The dream of carbon capture in San Juan County is not a new one. A study conducted a decade ago by the same firm concluded that converting the plant’s remaining two units for CCS could cost $2 billion. Meanwhile, the Navajo Nation poured millions of dollars into planning for the Desert Rock project, which never reached fruition. This was to be a power plant with carbon capture technology that would sit directly on tribal land.

Economic and Energy Diversification

“We’ve tried to put a new face on Farmington. We are not just coal and oil and gas,” said Farmington’s Mayor Nate Duckett. (Photos by Vladimir Choloupka for …& The West)

Farmington has recently installed road signs that highlight the natural assets of the region, under the motto, “Jolt Your Journey.”

“We’ve tried to put a new face on Farmington. We are not just coal and oil and gas,” said Farmington’s Mayor Nate Duckett. “We are also hiking trails and off-road trails and rivers and lakes and camping and fishing.” He says he hopes to “build a new mindset that we are a community where active families and outdoor lovers can thrive.”

Much like the state of New Mexico as a whole, Farmington also has the potential to be a national power in renewable energy, with an abundance of wind and more than 300 days of sunshine annually. Massive wind and solar projects are being built in southern New Mexico, like the 522 megawatt Sagamore Wind Project, which will be the largest wind farm in the state’s history. The SunZia and Western Spirit transmission line projects will enable power to be exported to major markets.

“We are in a real need now for economic diversification,” said Mike Eisenfeld, Energy and Climate Program Manager at San Juan Citizens Alliance, an environmental advocacy group. “There are more sustainable ways of creating electricity that need to be fully vetted. We need to help with the transition, but we also need to think about diversifying our economy here.”

It is not clear what the coming changes in Farmington will mean for the mine and power plant workers now on edge. “I’m just going to ride it out till the end, until the last day,” said Kenny Benally, maintaining his optimism. “That’s all you can do, hope for the best.”

This story was first published by the …& The West Blog at the Bill Lane Center for the American West. You can find the original article here.

Those who live off the land in southern Colorado feel the drought’s reach

Every day, southwestern Colorado rancher Matt Isgar starts an increasingly complex puzzle. The goal is to find food for his 135 cattle.

“Most of the pasture we used last year we’re not using this year because there’s no moisture,” Isgar said of the land he ranches in Hesperus, west of Durango. “There’s no new growth.”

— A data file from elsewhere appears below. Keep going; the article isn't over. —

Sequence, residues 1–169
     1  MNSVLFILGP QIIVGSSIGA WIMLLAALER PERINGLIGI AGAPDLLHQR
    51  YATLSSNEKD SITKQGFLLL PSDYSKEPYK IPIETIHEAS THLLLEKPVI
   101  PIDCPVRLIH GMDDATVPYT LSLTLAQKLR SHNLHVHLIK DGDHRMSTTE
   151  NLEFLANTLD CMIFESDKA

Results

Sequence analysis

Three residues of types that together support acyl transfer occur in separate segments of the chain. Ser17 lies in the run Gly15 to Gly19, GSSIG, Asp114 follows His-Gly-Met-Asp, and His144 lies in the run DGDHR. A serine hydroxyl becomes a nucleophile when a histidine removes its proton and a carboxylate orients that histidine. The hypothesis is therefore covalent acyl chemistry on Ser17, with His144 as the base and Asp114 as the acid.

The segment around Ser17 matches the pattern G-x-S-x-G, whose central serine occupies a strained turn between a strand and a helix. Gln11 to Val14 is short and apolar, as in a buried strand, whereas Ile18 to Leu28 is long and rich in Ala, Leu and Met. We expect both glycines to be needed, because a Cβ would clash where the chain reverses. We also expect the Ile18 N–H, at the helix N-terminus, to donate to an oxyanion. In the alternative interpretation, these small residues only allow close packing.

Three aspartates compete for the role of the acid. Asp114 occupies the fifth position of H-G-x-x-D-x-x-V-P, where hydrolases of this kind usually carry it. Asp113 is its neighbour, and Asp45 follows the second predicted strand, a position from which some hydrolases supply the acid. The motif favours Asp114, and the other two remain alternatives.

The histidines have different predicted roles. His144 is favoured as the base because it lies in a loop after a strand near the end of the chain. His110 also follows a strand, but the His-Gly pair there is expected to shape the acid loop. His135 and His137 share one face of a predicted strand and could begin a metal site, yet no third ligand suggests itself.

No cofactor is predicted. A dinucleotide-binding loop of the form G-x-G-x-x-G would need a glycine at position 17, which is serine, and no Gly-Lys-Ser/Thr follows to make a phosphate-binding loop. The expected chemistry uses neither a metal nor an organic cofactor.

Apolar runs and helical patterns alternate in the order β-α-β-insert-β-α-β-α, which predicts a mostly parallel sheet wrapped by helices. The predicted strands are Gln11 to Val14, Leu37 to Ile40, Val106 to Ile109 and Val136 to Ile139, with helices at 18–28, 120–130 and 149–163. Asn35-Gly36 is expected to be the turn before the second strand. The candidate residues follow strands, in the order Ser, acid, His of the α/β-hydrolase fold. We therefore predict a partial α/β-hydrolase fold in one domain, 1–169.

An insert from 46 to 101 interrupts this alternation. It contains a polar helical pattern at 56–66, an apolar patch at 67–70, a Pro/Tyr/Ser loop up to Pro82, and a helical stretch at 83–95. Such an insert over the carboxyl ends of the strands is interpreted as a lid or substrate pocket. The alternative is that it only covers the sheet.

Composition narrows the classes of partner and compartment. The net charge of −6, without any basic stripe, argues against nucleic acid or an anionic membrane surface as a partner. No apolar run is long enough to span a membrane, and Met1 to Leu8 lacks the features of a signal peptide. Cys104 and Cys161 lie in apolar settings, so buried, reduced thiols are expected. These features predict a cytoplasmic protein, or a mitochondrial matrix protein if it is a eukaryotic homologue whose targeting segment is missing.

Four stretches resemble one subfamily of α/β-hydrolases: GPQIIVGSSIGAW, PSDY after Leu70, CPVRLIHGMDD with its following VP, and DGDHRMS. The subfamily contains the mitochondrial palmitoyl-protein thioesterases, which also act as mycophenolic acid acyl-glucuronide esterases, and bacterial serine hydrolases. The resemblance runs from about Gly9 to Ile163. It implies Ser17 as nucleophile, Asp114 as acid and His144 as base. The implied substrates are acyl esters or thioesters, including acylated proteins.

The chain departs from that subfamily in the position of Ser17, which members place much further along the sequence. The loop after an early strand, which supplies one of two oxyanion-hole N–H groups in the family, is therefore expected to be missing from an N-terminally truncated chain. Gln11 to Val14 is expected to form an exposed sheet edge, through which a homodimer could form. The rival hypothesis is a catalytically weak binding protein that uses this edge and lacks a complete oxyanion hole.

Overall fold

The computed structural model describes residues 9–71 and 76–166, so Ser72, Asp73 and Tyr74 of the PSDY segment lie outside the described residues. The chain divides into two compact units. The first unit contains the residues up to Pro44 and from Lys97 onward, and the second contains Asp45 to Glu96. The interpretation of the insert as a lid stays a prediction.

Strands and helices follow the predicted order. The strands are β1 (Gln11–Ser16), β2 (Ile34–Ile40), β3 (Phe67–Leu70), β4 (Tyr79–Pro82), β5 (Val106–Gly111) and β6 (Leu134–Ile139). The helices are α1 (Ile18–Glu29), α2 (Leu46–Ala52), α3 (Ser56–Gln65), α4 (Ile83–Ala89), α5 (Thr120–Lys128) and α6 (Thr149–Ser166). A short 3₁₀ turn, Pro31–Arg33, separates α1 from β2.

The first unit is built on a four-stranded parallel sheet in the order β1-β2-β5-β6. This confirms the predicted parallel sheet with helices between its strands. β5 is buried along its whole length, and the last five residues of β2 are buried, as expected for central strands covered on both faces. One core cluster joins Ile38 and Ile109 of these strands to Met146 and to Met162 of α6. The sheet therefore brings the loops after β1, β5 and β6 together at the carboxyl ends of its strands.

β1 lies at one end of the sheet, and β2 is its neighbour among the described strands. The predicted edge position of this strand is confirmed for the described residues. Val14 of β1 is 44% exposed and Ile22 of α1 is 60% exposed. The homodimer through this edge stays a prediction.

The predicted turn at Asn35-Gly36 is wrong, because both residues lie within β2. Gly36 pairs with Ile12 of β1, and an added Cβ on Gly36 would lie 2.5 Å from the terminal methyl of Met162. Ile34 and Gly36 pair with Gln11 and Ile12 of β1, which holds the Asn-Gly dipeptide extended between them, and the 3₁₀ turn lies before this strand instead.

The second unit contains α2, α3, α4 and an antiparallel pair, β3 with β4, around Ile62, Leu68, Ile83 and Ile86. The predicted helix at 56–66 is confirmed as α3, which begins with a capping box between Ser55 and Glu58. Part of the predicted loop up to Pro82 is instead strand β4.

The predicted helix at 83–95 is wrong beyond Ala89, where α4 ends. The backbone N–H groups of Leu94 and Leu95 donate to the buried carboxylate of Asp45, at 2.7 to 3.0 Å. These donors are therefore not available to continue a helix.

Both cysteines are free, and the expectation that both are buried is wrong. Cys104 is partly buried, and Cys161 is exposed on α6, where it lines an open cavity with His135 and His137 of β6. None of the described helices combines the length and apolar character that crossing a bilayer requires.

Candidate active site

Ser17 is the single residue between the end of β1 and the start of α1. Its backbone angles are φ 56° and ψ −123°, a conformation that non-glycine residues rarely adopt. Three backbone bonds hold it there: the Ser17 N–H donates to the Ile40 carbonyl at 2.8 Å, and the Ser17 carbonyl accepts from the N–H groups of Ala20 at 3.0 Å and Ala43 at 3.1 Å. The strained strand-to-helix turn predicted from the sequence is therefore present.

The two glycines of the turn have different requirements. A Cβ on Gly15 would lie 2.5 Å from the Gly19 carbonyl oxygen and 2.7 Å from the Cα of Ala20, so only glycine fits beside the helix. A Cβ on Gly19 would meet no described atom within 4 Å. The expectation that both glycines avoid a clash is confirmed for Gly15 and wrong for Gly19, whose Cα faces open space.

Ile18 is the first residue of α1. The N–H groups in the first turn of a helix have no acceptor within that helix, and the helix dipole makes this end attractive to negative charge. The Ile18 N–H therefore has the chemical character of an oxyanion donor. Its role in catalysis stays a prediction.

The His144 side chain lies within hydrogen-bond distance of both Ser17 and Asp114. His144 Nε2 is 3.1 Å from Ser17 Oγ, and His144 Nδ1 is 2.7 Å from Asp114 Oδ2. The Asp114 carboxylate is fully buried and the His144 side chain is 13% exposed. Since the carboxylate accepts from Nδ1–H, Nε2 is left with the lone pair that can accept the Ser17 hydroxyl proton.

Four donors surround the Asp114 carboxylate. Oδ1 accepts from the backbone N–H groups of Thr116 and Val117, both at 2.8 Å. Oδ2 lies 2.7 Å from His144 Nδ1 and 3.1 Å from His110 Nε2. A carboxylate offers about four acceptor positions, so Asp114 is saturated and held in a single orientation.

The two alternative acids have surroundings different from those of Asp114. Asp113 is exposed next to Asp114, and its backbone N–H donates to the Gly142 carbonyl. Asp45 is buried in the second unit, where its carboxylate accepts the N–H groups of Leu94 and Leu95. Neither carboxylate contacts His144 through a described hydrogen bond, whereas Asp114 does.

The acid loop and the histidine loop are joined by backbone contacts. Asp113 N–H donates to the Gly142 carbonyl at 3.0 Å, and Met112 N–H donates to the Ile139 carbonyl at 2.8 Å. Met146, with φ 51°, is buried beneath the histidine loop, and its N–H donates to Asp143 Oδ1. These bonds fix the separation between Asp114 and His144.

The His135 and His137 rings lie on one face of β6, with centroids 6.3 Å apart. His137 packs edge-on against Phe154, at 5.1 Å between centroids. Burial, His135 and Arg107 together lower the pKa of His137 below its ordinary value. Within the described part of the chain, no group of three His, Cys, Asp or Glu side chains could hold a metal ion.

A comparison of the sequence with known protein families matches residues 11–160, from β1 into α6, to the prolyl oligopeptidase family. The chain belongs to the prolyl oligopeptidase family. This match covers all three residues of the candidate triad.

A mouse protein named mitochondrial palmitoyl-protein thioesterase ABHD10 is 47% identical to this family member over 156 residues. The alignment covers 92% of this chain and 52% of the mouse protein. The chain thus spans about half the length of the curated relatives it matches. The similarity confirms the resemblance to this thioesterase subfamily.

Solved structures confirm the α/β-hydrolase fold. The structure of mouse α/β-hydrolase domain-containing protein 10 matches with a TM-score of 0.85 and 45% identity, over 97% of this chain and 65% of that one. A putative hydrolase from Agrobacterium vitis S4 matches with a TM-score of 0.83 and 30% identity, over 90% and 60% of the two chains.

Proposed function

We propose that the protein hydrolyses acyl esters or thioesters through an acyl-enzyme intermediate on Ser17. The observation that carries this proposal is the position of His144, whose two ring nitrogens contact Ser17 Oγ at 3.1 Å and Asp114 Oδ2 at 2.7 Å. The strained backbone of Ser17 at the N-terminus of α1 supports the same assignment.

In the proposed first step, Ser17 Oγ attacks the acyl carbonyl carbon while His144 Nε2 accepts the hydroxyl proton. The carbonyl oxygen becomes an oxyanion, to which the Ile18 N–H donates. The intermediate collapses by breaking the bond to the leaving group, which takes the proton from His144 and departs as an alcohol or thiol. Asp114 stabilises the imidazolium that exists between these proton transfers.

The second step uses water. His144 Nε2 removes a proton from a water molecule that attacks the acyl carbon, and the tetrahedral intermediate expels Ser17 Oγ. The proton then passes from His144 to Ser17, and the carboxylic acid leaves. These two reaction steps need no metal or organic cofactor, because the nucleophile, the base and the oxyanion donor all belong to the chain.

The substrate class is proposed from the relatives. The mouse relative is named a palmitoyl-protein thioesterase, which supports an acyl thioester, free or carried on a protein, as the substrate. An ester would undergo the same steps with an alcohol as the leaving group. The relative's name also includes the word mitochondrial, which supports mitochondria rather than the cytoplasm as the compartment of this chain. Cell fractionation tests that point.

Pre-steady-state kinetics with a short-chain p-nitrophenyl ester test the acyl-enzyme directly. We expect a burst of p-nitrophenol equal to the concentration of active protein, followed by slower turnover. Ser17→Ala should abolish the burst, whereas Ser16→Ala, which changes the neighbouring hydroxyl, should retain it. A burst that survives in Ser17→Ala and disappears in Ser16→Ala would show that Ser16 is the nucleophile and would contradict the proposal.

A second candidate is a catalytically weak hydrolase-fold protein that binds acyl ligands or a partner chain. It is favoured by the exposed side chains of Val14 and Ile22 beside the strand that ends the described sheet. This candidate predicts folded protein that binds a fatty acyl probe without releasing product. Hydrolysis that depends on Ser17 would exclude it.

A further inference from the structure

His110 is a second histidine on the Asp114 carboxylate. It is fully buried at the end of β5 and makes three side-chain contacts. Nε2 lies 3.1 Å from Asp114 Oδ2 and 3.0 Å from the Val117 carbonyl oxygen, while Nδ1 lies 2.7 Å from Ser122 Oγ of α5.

With the dark red bull’s eye of exceptional drought looming over the Four Corners region, Isgar has lowered his grazing standards. He sold off 35 cows to stave off financial bleeding, but there are still costs.

“We’re spending more material and labor fixing fences and hauling water, and we’re supplementing with protein. So every day is more expensive to operate,” he said.

Hot and dry conditions have become an insidious foe to Colorado ranchers and farmers. While dry summers aren’t new, a winter and spring with little snow and rain have pushed parts of the state to get drier, faster. June marked the third warmest on record for the entire state. Colorado should soon see normal monsoon moisture, but that won’t help Rocky Ford cantaloupe farmer Greg Smith. The legendary local crop grows out on the southern eastern plains, another region dealing with exceptional drought.


“Most of the pasture we used last year we’re not using this year because there’s no moisture,” Matt Isgar said of the land he ranches in Hesperus, west of Durango.

Smith saw the writing on the wall with the spring’s low snowpack and only planted a third of his 100 acre farm.

“It’s just brown dry,” he said. “A match gets started on fire and you have a prairie fire that may run for miles.”

There’s a cost to leaving fields empty. Smith still treats the soil to prevent weeds. And financially, even with fewer acres planted, he has the same bills to pay. Even his retirement plans got delayed. His intention to build a second retirement residence was torched by the Spring Creek Fire which burned more than a 100,000 acres in southern Colorado.

“Actually, I think it’s probably going to be on hold for a couple of years to see how the place shapes up,” Smith said. “It’s not going to be the same as it was. That’s for sure.

Nearby Baca County was the epicenter of the 30s dust bowl, so dryland wheat farmer Brian Brooks said he’s seen worse. His crop yields are down by about 5 bushels per acre. Prices have decreased slightly. His only saving grace at the moment was above average rainfall from last year that supercharged the soil. Farming advances have allowed him to conserve that moisture for his benefit now.

That future that will likely mean hotter temperatures which can prolong drought. Roger Pulwarty, a senior scientist at the National Oceanic and Atmospheric Administration, said hotter temperatures can prompt flash droughts, like in 2012, when the majority of the U.S. dried in just a few months.

“This idea of intensification in drought is what makes drought very unique … By the time it’s intensified, we’ve used up all the buffers we’ve relied on, [like] cheaper grain. And now we’re at the mercy of a very, very strong event,” he said.

It feels like that hotter drier future has already arrived for hay grower Ed Zink. For 70 years he’s lived on Waterfall Ranch, near Durango. He typically sees the namesake waterfall on the nearby rocky cliffs — but not this year. It’s a first for Zink.

“It’s not even keeping the rock wet. It is dry,” he lamented.

Zink watched the 416 Fire, which burned more than 50,000 acres, come within a half mile of this property in June, another first. Ample water rights for his property have meant little difficulty for growing hay this year. But 70 years ago, Zink said his property was situated at the edge of alpine forest. He could see desert to the south. That desert has started marching northward toward his farm.

“I don’t know how to exactly put it in perspective,” he said. “It feels like the edge of that desert has moved 50 or 75 miles in my lifetime.”

Zink’s neighbor’s wells have started to dry up, another change in his lifetime. Groundwater is on the decline, and the cause is not fully known. La Plata County plans on a comprehensive study of the problem. The picture adds up to a landscape of more people making due with less water.